… who reappeared at greater length in the spring 2009 issue. Alastair Campbell, former Downing Street director of communications gave an interview to One in Four where he spoke his own mental health difficulties. His muscular take on mental health fitted with Richard Tyrone Jones’ cover article about men and mental health: “Personally I write poetry which helps me get emotionally on top of things – but it’s not all boring crap about cats and sunsets”. Seaneen Molloy gave us the lowdown on her five favourite mental health blogs and Mark Brown and Laurie Penny explored the issue of religion and mental health. Also featured were healthy food courtesy of Laurie Penny and ways of keeping safe in your community from Alex Williams.
The summer issue featured possibly the best headline so far, ‘Side effects and the city’, for Seaneen Molloy’s article about relationships, sex, medication and mental health. Also featured was an article about people with mental health difficulties running services for themselves that included a seven-step guide to starting a project of your own. Jo Worsley wrote about how to make best use of your GP, and an interview with Melba Wilson of Delivering Race Equality in Mental Health that sat alongside coverage of the launch of the National Survivor User Network’s report, ‘Dancing to our own tunes’, about race and ethnicity in mental health services.
After giving the benefit programme six months to bed in, this issue also returned to the then still new Employment Support Allowance and actually spoke to people about the experience of claiming it and undertaking the process of examinations and interviews involved.
Autumn 2009 featured a couple of firsts. We managed to scoop the first major interview with Time to Change director, Sue Baker, since she took up the role and the issue featured a mental health media roundtable when people with mental health difficulties sharpened their tongues and took on some of the materials produced by campaigning organisations, including Time to Change. The comments of the panel showed that campaigning messages often don’t connect with people with direct experience of mental health difficulty. In her interview, Sue Baker took great pains to address some of the misgivings that people with mental health difficulties had felt about Time to Change and spoke of her own experiences of mental ill health. Also featured were Laurie Penny on treatment side effects, Richard Tyrone Jones taking on university life in robust style and Hanne Olsen exploring the minefield that is getting the right outfit for the right occasion.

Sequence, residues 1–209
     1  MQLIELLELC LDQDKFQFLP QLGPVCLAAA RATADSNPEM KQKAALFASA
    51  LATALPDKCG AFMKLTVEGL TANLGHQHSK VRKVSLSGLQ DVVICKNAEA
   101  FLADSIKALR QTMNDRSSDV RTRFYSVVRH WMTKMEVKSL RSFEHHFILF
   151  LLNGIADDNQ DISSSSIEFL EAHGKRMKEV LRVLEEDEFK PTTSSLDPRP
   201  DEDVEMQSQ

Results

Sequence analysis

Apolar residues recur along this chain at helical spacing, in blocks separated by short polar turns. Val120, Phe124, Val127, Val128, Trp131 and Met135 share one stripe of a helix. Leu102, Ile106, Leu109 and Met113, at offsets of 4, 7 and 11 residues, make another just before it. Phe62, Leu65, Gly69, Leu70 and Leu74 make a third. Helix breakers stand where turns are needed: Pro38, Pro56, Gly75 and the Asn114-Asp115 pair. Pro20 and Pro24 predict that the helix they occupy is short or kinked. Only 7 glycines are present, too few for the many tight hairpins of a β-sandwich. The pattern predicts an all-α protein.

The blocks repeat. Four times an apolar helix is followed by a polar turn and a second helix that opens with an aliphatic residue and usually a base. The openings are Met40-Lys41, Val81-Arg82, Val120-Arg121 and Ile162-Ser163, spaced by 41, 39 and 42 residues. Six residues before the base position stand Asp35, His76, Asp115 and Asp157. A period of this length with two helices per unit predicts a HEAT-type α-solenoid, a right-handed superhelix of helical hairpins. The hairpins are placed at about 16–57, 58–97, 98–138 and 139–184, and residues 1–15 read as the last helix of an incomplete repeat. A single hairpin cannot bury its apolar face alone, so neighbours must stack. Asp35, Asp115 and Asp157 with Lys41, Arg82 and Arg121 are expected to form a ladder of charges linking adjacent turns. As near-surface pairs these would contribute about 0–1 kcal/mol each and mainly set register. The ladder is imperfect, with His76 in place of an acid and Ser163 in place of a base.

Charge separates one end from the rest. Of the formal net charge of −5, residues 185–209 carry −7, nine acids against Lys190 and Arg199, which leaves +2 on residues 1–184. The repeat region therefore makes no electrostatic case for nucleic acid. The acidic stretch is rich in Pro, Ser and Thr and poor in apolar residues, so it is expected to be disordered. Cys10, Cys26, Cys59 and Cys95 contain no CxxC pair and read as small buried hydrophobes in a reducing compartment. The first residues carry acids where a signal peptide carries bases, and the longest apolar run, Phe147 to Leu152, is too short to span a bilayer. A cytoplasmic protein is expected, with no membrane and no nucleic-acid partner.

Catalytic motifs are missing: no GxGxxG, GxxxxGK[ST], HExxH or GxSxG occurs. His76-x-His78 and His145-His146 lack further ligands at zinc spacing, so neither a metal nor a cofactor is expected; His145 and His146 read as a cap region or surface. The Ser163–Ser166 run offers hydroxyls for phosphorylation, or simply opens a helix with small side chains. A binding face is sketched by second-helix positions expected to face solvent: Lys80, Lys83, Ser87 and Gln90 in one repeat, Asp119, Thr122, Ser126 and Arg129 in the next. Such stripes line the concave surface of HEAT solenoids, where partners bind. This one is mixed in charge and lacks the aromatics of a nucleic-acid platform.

As it became clear the credit crunch had grown into a fully-fledged recession, the winter 2009 issue featured on its cover a big red cartoon ‘D’ with a gun saying hello courtesy of cartoonist Steve Wasserman of Prozacville , to illustrate Dan Holloway’s article about dealing with debt inside. Also featured was coverage of twitter’s ‘welovetheNHS’ campaign, and two excellent interviews. The first was with Robert Villanueva, a US mental health activist who explained how different things are in the US for people with mental health difficulties. The second was with veteran of Mental Patients Union, Andrew Roberts, who discussed how far life has come in the UK in the last 50 years for people with mental health difficulties.
One in Four wasn’t immune from election fever and the spring 2010 edition tried to help all voters see where the major political parties stood on the issue of mental health and public spending. The magazine also featured a write up of One in Four’s first conference ‘Talking about mental health – getting it right’ in February and featured Alastair Campbell, the former health editor of The Sun and a number of others, including an incredible panel discussion with Laurie Penny, Seaneen Molloy, Dan Holloway and Aloyse Raptapoulos. Further highlights from this issue include Karen Machin’s affecting article ‘Don’t stop talking’ about suicide and Laurie Penny on the benefits and drawbacks of diagnosis.
Eight groundbreaking issues to be followed by many more. One in Four thanks everyone who has helped us get this far. Without you, our readers and supporters, none of this would have happened.